By BRUCE DENNILL
It’s been a bumper year for political cartoonists in South Africa, including everything from state capture to junk status via Robert Mugabe’s resignation. That’s a lot to keep up with. What sort of regime is required to remain an expert across all these topics?
“I don’t think the word ‘expert’ is always applicable next to my name,” grins Jonathan Shapiro, better known as the cartoonist Zapiro. “I’m passionate about the issues, and I draw from that space. I’m a visual columnist, not a journalist, so I interpret events in a personal way. I’m always working with things that the public knows about and may not know about, and I occasionally start debates. It’s not a word I’m completely comfortable with, but I try to disrupt a little; to upset the apple cart.”
There’s a precedent for this sort of thing.
“If you looked at Mad magazine from the Fifties onwards, you could – if you wanted to – learn a new way of looking at the world; to subvert and parody information,” recalls Shapiro. “I try to keep that sort of perspective wherever I can.”
A cartoonist’s product is his punchline, but not all of his readers will necessarily be as knowledgeable on his themes. Is there a formula for ensuring there’s enough context communicated to help people understand what is going on?
“There are different kinds of punchlines,” muses Shapiro. “A punchline could be visual – no words, or just one or two. On the other hand, my record for the most words is around 220! On average, I look at between five and 15 words, in two speech balloons. I start with a thumbnail stage, where I figure out the wordiness. It’s all conceptual up front, but the final product must look like it was supposed to look like that.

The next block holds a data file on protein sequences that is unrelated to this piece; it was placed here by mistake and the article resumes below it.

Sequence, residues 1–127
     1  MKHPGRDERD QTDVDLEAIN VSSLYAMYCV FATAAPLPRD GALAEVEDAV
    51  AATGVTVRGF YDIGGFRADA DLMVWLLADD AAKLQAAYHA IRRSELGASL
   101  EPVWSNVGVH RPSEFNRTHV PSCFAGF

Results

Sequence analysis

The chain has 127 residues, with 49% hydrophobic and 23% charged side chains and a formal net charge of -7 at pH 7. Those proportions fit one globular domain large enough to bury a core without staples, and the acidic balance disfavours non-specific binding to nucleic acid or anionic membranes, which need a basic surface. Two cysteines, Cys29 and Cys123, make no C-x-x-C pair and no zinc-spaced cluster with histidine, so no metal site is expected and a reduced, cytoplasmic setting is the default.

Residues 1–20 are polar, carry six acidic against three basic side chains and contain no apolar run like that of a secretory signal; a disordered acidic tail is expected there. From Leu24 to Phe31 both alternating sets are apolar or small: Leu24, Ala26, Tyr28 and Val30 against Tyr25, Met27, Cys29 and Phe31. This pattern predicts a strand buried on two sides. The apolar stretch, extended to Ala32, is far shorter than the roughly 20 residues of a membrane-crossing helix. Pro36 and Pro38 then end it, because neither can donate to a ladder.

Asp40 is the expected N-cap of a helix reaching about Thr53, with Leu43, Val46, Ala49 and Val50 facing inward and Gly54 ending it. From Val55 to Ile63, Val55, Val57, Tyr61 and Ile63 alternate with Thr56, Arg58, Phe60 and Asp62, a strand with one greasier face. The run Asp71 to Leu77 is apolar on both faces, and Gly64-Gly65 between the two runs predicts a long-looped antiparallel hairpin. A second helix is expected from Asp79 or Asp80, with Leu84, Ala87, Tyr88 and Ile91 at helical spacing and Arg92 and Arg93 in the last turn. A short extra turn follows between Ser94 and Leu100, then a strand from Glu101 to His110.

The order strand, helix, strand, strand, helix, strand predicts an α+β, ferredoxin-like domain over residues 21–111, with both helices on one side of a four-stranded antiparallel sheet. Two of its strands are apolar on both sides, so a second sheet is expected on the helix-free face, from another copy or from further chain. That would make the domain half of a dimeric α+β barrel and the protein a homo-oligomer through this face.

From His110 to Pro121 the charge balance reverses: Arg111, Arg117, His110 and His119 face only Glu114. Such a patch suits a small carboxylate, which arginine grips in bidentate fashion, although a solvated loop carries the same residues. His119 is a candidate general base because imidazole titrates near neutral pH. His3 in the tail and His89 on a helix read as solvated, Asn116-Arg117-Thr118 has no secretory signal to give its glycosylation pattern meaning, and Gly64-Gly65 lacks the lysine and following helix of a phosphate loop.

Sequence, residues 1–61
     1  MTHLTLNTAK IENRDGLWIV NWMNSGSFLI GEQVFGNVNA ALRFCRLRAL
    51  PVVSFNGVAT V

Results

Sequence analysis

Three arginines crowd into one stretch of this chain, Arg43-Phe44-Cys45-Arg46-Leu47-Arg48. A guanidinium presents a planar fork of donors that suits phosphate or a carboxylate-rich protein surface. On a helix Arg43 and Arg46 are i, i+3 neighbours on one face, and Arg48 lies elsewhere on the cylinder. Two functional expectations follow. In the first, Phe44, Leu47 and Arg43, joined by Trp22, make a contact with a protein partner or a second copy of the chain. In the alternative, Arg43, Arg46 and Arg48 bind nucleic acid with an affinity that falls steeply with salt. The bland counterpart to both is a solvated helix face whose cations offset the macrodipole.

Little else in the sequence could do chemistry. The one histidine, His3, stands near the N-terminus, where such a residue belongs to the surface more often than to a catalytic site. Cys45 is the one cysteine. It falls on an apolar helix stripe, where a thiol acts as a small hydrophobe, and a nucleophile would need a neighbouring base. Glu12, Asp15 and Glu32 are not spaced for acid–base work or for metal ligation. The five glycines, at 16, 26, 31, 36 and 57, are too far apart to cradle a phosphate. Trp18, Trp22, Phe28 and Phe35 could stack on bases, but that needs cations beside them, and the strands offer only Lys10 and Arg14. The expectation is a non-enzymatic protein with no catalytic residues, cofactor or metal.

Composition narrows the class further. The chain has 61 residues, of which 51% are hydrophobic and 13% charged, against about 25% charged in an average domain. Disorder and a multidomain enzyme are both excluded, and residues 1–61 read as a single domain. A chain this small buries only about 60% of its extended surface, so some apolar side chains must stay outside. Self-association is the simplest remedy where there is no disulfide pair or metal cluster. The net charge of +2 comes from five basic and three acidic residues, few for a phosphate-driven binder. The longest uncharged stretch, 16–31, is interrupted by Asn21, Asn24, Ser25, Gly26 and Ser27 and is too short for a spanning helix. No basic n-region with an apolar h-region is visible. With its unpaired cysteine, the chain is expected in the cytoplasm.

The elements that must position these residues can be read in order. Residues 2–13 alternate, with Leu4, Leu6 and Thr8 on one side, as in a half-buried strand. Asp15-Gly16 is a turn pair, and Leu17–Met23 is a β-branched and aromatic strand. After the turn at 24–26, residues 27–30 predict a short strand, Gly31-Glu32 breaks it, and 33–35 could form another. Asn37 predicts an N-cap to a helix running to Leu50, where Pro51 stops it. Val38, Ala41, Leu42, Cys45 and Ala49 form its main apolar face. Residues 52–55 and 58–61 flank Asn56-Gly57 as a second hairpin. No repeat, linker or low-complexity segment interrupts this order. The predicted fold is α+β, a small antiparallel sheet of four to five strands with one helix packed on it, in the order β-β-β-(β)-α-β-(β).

“For me, it really is programmatic. I write down what I’m interested in, and then I write down my attitudes to whatever that is. Then I have to figure out how to communicate the idea. Maybe it’ll be a sitcom-type thing with people with normal bodies and so on. Or it could be conceptual, with someone’s body being the size of the planet or something.
“I look at tone, too. Am I trying to be funny? Do I want to convey outrage? Do I want to show the pathos in a situation? All of that will define whether it will be a single frame or a strip. And only then do I start drawing. I’m lucky. I don’t really get blank paper syndrome. I usually end up with a hundred bits and pieces I’ve been trying to get to work, and I often go back to those and hope that some sort of right brain chemical reaction will kick in.”
As part of this process, ther will be soaking up of much of the anger, bitterness and angst that comes with researching current affairs. Sometimes Zapiro’s work is a buffer between his readers and the pointier bits of the topics under examination, while at other times his cartoons are a distillation of all those multifaceted feelings.
“I suppose it partly depends on my attitude day to day,” says Shapiro. “As I said, I’m not a reporter, so I’m often adding details that might not be in the public domain.There are conventions for explaining that sort of thing, like including a little newspaper poster in the cartoon, but there will also be a sign of how I feel about the subject.
“The questions my editors and I ask each other are: ‘Does it work?’ and ‘Can it be justified?’ Within that framework, we can look at other aspects of intent, like trying to make people laugh at something outrageous by showing that the person involved is a buffoon.”
Political cartoons are an obvious form of activism, as are Shapiro’s spoken words in interviews or similar contexts. What sort of response is hoped for from readers, though? A giggle at a clever illustration, followed by apathy – that’s not enough, is it?
“In one sense, I can’t complain,” says Shapiro. “From the time whe I was an on-the-ground activist using cartoons as overt propaganda through my time as a newspaper cartoonist, I’ve been lucky enough to get noticed and to be part of public debate.